The Distressing Problem Of Damp - And What To Do About It
A freelance contribution from Gemma Hunt
The thing about water pipes is that they carry water. And the thing about broken water pipes is that they spill a whole load of water all over your house. Damp is one of the most common problems (if not THE most common) that comes as a side effect of broken plumbing, and it can be very distressing for any homeowner or tenant. However, there is no need to panic. With a little know-how and a lot of patience, any damp remaining after the plumber has been and fixed the problem can and will be dealt with.
Getting On Top Of The Issue
Perhaps the very best way of making sure that you don’t have problems with damp is catching and fixing the leak as soon as possible. Obviously this isn’t always an option—some leaks are particularly insidious, and may drip away quietly for weeks or months before the smell of mold or damp patches on the carpet or ceiling alert you to the problem. In these cases, you need to make a comprehensive check in order to ascertain the scale of the damage. Water not only acts as an erosive force, it also makes you property a deeply attractive habitat for some nasty smelling and nasty acting varieties of fungus. Check the stability of any affected floors and walls – and don’t panic if you find damage that seems beyond your scope. Everything is fixable, and problems often look a lot worse than they actually are. It’s not uncommon for people to peer into a damp cavity and find wood liberally furred with mold. It looks dreadful but—once the mold is killed and removed - the structure is very often perfectly intact!
The best protection against the potential for water and mold to cause damage to your property’s structure and its contents, is to insure your home adequately. While it’s often easier than it seems to fix, flood damage may need the professional touch, which can be expensive. Furthermore, if any electrical items like televisions or laptops have been water-damaged, they will almost certainly need replacing. If you have contents cover, then this could save you a lot of money in the event that happens or if water gets into and irrevocably damages soft furnishings, paintings, books, and so forth. DO NOT attempt to fix any electrical circuits or items yourself—if water has got into your house’s electrical sockets or circuits, switch off the power at the mains and call an electrician immediately. With electrical items, switch them off, dry them out, and either take them to the repair shop or replace them.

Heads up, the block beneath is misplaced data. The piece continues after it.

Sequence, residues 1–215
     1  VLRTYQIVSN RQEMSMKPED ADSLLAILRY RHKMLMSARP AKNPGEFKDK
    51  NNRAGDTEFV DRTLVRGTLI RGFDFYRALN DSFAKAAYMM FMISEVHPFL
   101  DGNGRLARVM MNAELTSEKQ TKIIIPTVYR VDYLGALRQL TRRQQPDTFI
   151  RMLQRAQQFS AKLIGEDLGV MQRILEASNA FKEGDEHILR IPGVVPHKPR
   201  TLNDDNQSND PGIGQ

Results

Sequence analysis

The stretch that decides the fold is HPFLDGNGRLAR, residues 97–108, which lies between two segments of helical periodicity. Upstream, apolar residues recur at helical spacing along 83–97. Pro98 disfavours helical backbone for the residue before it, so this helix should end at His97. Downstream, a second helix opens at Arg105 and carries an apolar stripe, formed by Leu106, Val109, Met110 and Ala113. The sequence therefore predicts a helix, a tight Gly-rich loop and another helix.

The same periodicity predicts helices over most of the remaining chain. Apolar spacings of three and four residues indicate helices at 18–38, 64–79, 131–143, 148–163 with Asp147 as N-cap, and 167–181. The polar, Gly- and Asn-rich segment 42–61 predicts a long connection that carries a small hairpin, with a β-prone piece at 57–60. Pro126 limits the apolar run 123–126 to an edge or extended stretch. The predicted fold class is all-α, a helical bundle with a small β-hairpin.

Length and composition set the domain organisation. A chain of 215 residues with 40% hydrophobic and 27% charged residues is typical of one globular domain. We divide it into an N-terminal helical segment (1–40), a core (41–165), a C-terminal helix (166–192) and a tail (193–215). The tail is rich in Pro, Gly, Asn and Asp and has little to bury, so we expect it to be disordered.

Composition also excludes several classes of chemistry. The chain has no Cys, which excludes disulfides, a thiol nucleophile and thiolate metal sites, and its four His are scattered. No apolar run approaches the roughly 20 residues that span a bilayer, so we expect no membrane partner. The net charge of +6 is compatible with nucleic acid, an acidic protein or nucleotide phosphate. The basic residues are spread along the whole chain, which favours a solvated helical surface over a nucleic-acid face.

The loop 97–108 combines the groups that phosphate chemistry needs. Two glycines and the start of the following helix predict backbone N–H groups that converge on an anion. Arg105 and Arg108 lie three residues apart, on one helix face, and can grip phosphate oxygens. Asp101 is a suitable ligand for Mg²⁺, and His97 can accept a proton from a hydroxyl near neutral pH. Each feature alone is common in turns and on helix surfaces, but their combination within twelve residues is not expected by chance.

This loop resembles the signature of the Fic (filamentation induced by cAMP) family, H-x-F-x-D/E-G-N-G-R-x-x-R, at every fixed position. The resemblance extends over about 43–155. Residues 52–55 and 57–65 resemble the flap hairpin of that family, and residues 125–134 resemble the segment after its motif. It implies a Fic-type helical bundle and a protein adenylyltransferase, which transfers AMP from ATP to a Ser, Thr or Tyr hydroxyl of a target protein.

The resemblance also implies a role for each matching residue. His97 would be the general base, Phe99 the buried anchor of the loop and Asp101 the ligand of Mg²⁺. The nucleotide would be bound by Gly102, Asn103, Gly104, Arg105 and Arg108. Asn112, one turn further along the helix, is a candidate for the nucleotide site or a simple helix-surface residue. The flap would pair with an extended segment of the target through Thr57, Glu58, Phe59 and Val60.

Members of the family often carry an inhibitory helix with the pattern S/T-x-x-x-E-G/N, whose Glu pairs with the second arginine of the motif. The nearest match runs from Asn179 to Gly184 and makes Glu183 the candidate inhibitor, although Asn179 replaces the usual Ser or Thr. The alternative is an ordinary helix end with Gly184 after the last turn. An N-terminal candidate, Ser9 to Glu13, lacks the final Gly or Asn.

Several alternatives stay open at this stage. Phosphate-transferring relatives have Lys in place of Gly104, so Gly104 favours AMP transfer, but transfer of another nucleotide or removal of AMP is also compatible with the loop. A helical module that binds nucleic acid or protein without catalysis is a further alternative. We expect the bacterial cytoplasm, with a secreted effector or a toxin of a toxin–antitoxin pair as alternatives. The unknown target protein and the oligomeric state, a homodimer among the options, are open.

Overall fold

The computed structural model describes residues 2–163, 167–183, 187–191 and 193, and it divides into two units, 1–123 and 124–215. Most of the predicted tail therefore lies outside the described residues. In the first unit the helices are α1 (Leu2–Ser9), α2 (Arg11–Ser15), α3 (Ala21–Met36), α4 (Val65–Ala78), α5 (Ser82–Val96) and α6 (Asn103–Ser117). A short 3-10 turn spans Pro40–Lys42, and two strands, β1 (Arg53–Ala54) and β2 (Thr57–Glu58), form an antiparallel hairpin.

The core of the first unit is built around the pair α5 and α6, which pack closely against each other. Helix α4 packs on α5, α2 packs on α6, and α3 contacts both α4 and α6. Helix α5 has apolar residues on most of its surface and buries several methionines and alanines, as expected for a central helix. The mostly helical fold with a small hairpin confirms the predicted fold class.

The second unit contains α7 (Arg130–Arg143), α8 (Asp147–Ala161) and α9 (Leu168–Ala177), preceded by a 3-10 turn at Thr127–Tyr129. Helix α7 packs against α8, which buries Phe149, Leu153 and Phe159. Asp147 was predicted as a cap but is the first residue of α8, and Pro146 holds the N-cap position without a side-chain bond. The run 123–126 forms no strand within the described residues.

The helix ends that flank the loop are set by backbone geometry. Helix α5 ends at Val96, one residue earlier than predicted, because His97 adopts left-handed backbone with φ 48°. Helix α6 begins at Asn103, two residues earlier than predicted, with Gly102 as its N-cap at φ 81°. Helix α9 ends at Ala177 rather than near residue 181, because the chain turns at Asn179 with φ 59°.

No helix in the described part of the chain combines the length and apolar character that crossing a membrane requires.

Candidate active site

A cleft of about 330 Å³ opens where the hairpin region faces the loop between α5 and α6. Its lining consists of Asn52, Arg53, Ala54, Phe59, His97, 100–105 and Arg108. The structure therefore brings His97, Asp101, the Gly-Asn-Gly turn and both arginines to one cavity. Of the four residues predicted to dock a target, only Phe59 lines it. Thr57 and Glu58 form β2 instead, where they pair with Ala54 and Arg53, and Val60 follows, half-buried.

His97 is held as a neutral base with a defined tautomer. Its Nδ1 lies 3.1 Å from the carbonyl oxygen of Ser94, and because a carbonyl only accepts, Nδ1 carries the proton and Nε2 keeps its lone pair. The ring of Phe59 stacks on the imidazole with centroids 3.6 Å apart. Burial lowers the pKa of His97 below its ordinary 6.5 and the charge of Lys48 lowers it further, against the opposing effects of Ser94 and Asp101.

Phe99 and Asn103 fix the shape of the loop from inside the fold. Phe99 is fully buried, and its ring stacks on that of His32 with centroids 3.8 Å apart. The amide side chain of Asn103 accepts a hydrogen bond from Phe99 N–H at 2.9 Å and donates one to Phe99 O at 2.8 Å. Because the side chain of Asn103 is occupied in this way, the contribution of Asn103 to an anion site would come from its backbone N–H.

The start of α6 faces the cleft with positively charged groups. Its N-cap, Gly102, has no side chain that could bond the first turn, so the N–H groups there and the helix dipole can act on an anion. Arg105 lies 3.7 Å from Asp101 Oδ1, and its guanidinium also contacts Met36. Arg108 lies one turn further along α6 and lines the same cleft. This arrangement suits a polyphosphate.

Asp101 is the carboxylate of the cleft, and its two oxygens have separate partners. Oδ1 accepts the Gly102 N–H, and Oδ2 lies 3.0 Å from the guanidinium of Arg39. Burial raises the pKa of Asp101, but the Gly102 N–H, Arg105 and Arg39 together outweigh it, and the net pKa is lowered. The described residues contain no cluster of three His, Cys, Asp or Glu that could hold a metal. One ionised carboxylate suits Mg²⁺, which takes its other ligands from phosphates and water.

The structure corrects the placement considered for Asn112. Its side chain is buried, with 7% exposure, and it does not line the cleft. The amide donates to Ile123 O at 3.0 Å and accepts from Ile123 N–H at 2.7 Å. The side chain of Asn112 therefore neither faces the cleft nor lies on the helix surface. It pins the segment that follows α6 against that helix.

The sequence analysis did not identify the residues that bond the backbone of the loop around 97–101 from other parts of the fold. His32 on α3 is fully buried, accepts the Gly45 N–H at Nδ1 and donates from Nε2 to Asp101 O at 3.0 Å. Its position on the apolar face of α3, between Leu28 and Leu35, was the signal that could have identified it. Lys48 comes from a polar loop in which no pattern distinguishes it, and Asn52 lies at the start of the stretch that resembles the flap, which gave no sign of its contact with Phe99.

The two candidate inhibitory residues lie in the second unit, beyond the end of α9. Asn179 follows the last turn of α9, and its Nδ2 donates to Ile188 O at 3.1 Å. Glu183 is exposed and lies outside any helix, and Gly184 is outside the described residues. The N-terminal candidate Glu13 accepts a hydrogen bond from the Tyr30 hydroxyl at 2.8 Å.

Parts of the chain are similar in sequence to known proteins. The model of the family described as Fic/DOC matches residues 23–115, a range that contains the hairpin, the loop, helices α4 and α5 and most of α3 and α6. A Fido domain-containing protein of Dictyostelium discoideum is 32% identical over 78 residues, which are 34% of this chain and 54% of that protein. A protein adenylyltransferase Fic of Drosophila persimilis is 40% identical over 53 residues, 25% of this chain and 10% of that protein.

Dry Out Your Home
Drying out your home is actually not as difficult as it sounds, and, while it may all seem dreadful at the time, you’ll often find that a lot of your structural assets will be as right as rain once they’re dry. Wood may swell while it’s wet, but it subsides into its normal formation again as soon as it’s dry. Plaster is a bit more tricky and can be loosened by water damage—but plaster damage is not usually a threat to the structure itself, and can be easily rectified through the attentions of a plasterer. However, you can worry about repairing the damage later. In the immediate aftermath of a flood, the important thing is to dry out the property. Doing so is all about getting air currents to flow effectively. Turning up the heat and opening windows will help water both to evaporate from a damp structure, and to escape into the atmosphere outside. If you do not have any windows open while your heating is up, the damp will evaporate, but the drying of the property will take a lot longer as it will continually condense within the structure itself.
Air The Property
You can help to make sure that your damp property is getting a good airing by doing things like lifting carpets and opening cupboard doors. If your carpet is damp, it may be a good idea to go over it with some carpet cleaning equipment, which usually have a water-removal system attached. This will at least speed the process. Lifting the carpet will allow air (and therefore water) to circulate around damp floorboards and reduce the chances of mold growing in carpeting felt etc. Opening cupboard doors similarly improves the flow of air through the property, allowing damp to evaporate and dissipate more effectively. Should you have water trapped in ceilings or walls, it is imperative to remove this through the drilling of ventilation holes—but if you are not comfortable doing this, it is probably best left to a professional!
Above all, do not worry. Your home will probably smell a bit damp for a while—but, once the drying is completed, the smell does go away! Any structural damage can be mended and so long as the original problem is fixed, everything should be right as rain (probably a poor choice of phrase…) in no time!